Like the Alabama defenders, since Coples is surrounded by so much talent, his numbers don't show just how good he really is.
At 6'6" and 285 lbs., Coples will continue to dominate offensive lines in the NFL.
6. Whitney Mercilus, DE Illinois
Andy Lyons/Getty Images
Somehow, Mercilus is flying under the radar. This seems ridiculous since he has 11.5 sacks (most in FBS), 16.5 tackles for loss and has the last name Mercilus!
The Fightin Illini have been one of the pleasant surprises of the season, and you might even call their defense merciless (see what I did there?).
Mercilus is 6'4" tall and 265 lbs., so he's destined to keep playing at defensive end. If he impresses at the combine, there's no way he stays off the board very long, even with little need at 4-3 defensive end.
5. Chase Thomas, LB Stanford
Christian Petersen/Getty Images
Shane Skov was the best player on Stanford's defense last season, but he has some competition now in the form of Chase Thomas.
Thomas has picked up 5.5 sacks and a whopping 11.5 tackles for loss. Even though Stanford has had a pretty easy schedule so far, four of Thomas's tackles for loss came against Washington and USC, the toughest teams Stanford has faced thus far.
At 239 lbs., Thomas is a little small to play linebacker in a 3-4 scheme, but he'd make an excellent outside linebacker in a 4-3 or an inside linebacker in a 3-4.
4. Vinny Curry, DE Marshall
Bob Levey/Getty Images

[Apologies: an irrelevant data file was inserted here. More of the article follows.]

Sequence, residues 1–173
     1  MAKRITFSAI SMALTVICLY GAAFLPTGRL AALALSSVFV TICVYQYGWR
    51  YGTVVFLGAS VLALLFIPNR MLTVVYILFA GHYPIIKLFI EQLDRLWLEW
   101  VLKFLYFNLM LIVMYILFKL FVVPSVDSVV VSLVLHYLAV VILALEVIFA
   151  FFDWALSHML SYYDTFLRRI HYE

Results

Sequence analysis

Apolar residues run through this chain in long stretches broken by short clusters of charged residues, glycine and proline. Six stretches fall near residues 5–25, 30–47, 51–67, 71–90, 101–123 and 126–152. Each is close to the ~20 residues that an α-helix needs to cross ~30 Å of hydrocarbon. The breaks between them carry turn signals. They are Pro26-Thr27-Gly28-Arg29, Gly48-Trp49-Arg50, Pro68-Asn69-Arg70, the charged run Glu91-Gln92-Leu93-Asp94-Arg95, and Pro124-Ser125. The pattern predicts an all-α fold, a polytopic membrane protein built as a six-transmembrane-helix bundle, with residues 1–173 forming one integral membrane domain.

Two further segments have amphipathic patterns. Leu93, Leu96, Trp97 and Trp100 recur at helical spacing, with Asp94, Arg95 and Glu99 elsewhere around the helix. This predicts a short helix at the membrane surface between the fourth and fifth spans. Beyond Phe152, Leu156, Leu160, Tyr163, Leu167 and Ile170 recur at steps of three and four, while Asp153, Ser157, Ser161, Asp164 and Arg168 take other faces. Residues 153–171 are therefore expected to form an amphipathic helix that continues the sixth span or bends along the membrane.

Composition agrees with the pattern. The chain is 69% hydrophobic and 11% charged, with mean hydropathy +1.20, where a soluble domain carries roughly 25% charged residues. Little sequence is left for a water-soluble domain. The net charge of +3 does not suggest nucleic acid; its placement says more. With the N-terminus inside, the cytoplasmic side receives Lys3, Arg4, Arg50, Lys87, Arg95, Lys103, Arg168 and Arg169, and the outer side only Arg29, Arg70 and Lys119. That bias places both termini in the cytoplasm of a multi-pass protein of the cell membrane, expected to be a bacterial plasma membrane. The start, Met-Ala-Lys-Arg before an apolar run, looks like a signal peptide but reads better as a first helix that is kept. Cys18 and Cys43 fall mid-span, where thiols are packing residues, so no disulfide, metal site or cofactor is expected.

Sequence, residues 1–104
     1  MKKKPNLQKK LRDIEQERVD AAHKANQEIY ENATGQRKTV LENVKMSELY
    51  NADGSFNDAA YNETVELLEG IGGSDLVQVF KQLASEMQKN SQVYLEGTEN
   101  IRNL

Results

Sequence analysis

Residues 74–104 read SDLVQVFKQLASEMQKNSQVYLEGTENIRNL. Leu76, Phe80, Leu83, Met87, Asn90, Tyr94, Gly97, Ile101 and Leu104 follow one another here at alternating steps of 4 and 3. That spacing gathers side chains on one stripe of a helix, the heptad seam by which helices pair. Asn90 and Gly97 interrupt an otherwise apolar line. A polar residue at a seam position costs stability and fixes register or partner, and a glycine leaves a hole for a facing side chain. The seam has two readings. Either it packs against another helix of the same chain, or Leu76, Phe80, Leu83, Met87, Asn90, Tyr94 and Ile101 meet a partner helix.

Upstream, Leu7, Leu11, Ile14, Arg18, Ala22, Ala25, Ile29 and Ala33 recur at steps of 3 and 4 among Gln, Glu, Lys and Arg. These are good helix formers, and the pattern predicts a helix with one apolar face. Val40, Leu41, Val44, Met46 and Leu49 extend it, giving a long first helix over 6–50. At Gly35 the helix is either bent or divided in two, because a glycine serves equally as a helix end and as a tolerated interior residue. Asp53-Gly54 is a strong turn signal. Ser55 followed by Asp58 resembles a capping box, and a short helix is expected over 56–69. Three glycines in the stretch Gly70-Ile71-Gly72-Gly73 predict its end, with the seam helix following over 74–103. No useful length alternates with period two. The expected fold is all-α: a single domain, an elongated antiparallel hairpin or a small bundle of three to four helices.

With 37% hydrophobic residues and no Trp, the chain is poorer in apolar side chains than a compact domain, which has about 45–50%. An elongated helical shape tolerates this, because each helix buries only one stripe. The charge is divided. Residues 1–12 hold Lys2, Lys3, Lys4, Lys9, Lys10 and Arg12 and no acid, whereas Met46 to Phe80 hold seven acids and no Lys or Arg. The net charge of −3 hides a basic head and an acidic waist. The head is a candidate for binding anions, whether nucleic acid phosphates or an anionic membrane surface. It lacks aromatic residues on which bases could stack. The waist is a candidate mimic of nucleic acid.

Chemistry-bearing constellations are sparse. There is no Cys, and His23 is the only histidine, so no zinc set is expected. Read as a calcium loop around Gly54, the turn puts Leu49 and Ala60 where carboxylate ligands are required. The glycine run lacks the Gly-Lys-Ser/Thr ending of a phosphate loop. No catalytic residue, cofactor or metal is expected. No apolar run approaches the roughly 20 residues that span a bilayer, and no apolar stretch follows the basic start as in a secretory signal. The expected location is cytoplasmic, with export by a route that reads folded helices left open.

Vinny Curry has 10.5 sacks and 18 tackles for loss, and numbers don't lie.
So why is he ranked only fourth on this list when only one player in the FBS has more sacks than him? He faces some pretty weak competition and is a little small at only 242 lbs. Still, he is fast, mean and athletic and can still be an outstanding 4-3 Sam linebacker, or a weak-side rush linebacker in a 3-4.
When a player has the kind of numbers that Curry has, you just can't ignore him.
3. Andre Branch, DE Clemson
Rob Carr/Getty Images
Andre Branch is doing a very good job filling the hole that was left by Clemson standout Da'Quan Bowers. Branch has 7.5 sacks this season (tied for seventh in the FBS) and has been a disruptive force all season long.
At 6'5" tall and 260 lbs., Branch could add more bulk or stay slim to keep his speed. If it weren't for Quinton Coples, he'd be the top pure defensive end in the draft.
He has 12 tackles for loss as well, just for good measure.
2. Brandon Jenkins, LB Florida State
Florida State has had some rough times this season. They started ranked as the fifth best team in the country but have fallen to 4-3, lost left tackle Andrew Datko for the year and have had to play a lot of the season without quarterback E.J. Manuel as well.
What is going well for them? Well, Brandon Jenkins is still doing pretty well. Despite having only 3.5 sacks and 6.5 tackles for loss, Jenkins has still been a disruptive force in the backfield for every game he's played in.
He has missed two games, however (against Duke and NC State) for injury and probably hasn't been playing at 100 percent. When he's back to 100 percent at the combine, he'll blow people away.
1. Courtney Upshaw, LB Alabama
Kevin C. Cox/Getty Images
With so many playmakers on Alabama's defense, it's easy to overlook Upshaw, but he really is the best pass rusher in the draft.
He has 4.5 sacks and 11.5 tackles for loss this season, which are good numbers, but they don't seem phenomenal at first. However, when you remember that his defense also boasts Nico Johnson, Mark Barron, Josh Chapman and Dont'a Hightower, you realize that standing out amongst that kind of competition is really something.
Not to mention the fact that he's facing the toughest competition in the brutal SEC West.
Upshaw is also one of the bigger linebackers in the country, weighing in at 265 lbs. Even with that bulk, he moves very quickly.
He has the build to play either a 4-3 defensive end or a 3-4 rush linebacker. Either way, teams should expect him to get to the quarterback quickly and often.